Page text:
U.S Oil and Gas Market Outlook
by John Spears, president, Spears and Associates, has conducted market research in the drilling, completion, and production sectors of the petroleum industry since 1981 for oilfield service firms, operators, and financial institutions.
Continued growth global oil demand and Saudi-led over-compliance by “OPEC” members to cut production under the terms of their December 2018 production accord have prompted a recovery in oil prices since the start of this year. However, worries that a U.S.-China “tariff war” could lead to a slowdown in global economic and oil demand growth are keeping a lid on further gains oil price in spite of ongoing production declines in Venezuela and new U.S. sanctions on Iranian oil exports. This is because US oil output – which rose 2.3 million barrels per day (bpd) in 2018 – is on track to grow of another 2.1 million bpd in 2019, capturing about 150% of the net increase in global oil demand this year.
In response to these supply and demand movements, the key OPEC members (Saudi Arabia and Russia) have signaled that they will continue to restrain output over the balance of this year in an effort to keep global oil inventories near normal and in turn support oil prices.
Longer term, it appears that U.S. oil production could continue to grow at an annual rate of 1.0-1.5 million bpd for several years at its current level of drilling and completion activity. With global oil demand also expected to grow at the rate of 1.0-1.5 million bpd going forward, the U.S. is capable of supplying virtually all the net increase in incremental oil demand for some time. Having tried unsuccessfully in 2015 and 2016 to cripple U.S. shale oil production by pushing oil prices below $30/barrel (bbl) so as to defend its share of the global oil market, we expect that OPEC will continue to be willing to give up market share and constrain its production well-beyond 2019 in order to balance the global oil market and sustain oil prices.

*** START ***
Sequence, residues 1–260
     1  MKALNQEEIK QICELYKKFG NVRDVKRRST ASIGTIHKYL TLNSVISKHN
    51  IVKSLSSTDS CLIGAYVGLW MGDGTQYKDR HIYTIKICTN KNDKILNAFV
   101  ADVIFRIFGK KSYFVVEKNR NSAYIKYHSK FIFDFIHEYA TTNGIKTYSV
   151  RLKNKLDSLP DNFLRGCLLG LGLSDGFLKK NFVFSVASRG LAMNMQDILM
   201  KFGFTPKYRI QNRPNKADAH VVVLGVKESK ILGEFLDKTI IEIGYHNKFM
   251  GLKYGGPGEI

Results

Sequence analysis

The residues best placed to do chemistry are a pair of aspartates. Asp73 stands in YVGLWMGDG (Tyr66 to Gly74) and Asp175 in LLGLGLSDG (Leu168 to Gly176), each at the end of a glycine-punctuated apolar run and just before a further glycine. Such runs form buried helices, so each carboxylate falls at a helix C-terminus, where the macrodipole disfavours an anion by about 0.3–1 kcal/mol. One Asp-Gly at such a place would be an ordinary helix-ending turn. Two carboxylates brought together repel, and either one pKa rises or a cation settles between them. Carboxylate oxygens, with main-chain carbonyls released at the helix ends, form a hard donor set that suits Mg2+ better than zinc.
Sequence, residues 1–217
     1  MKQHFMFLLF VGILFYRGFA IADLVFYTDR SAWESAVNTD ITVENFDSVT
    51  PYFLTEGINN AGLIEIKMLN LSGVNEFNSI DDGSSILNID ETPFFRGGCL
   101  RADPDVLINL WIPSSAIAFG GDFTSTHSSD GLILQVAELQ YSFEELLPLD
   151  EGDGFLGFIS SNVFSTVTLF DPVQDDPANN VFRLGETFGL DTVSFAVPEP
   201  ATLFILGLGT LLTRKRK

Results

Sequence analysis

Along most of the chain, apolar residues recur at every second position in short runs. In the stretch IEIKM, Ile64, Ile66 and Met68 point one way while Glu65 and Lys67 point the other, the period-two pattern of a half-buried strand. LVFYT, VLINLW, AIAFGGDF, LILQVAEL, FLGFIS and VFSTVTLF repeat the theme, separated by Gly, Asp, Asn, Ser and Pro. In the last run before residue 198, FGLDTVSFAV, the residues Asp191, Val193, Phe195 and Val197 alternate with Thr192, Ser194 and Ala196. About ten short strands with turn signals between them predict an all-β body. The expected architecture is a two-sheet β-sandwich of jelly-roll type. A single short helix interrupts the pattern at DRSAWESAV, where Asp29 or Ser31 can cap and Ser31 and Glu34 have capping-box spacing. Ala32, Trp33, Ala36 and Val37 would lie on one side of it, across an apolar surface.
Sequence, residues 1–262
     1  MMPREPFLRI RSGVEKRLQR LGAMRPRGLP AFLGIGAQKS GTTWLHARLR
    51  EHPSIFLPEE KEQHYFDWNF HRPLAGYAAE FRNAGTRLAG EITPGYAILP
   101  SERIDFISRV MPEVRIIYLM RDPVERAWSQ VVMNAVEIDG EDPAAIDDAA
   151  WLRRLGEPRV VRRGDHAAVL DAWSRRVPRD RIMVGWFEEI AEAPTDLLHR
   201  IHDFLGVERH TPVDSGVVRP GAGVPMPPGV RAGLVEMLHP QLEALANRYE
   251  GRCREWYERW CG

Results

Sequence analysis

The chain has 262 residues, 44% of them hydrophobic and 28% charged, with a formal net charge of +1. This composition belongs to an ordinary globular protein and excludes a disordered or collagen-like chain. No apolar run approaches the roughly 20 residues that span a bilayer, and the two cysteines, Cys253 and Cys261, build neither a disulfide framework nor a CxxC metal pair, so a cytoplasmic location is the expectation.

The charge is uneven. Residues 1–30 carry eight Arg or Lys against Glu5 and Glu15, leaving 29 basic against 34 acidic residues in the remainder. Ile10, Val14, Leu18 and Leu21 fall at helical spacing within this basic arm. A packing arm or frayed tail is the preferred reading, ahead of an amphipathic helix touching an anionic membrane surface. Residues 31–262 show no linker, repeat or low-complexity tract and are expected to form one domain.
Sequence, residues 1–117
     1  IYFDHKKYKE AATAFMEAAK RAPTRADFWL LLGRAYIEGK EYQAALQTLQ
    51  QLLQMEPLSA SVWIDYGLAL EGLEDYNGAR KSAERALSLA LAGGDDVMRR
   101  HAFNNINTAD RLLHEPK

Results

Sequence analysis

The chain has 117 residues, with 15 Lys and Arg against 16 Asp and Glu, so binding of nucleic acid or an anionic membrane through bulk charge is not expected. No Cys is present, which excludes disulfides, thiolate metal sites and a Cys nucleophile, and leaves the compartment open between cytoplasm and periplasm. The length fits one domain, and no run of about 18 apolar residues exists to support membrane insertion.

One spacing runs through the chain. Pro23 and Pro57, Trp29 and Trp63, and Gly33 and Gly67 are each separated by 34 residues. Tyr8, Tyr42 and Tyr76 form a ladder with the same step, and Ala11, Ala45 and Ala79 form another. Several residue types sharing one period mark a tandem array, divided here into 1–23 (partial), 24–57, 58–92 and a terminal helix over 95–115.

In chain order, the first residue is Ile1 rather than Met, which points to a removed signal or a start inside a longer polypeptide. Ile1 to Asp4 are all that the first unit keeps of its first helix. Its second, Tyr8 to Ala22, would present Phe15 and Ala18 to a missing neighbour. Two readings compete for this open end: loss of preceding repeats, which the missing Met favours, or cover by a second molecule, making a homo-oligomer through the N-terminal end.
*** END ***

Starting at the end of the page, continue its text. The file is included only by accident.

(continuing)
As a result, in the absence of a geopolitical crisis impacting oil supplies, oil prices are expected to remain in the $60-$70/bbl range until the time that the marginal cost of U.S. shale oil development begins to increase as oil operators are forced to turn toward “non-core” acreage in order to sustain/increase output. As operators move outside their core acreage, initial productivity (IP) per new well drilled will fall. How soon and how quickly it might begin to decline is unknown; however, it is apparent that for the U.S. as a whole IP has flatlined since the start of 2017 even as operators have drilled ever-longer laterals and pumped more proppant per lateral foot, so the next move for IP in the U.S. is more likely to be down than up.
U.S. natural gas production is projected to grow 8% in 2019 even though domestic gas use is expected to increase only 2% because gas exports are forecast to jump 24%. Exports are expected to grow another 15% in 2020 as new LNG export facilities come online. However, after 2020 U.S. gas export growth is expected to slow meaningfully as LNG export capacity growth slows down. This is likely to lead to a glut in the U.S. gas market during the early part of the 2020s as gas production continues to grow in the form of associated gas volumes linked to the increase in shale oil output. On an annual basis, U.S. natural gas spot prices could fall to around $2/million btu (mmbtu; from ~$2.50/mmbtu today) which will likely force U.S. gas producers drilling in regions such as the Marcellus and Haynesville to cut their capital spending to “maintenance only” levels in order to protect cash flow.
Over the past year it has become clear that without a line of sight to generating meaningful free cash flow, investor interest in oil companies and oil service firms is very limited. Accordingly, capital spending on the part of both operators and oil and gas service firms will remain disciplined. Drilling and completion activity will likely hold fairly steady as increased activity by oil majors such as ExxonMobil and Chevron looking to grow their shale oil production will be offset by lower spending on the part of highly-leveraged operators (both public and private) primarily focused on production decline mitigation, replacement-only capital spending and leaner cost structures.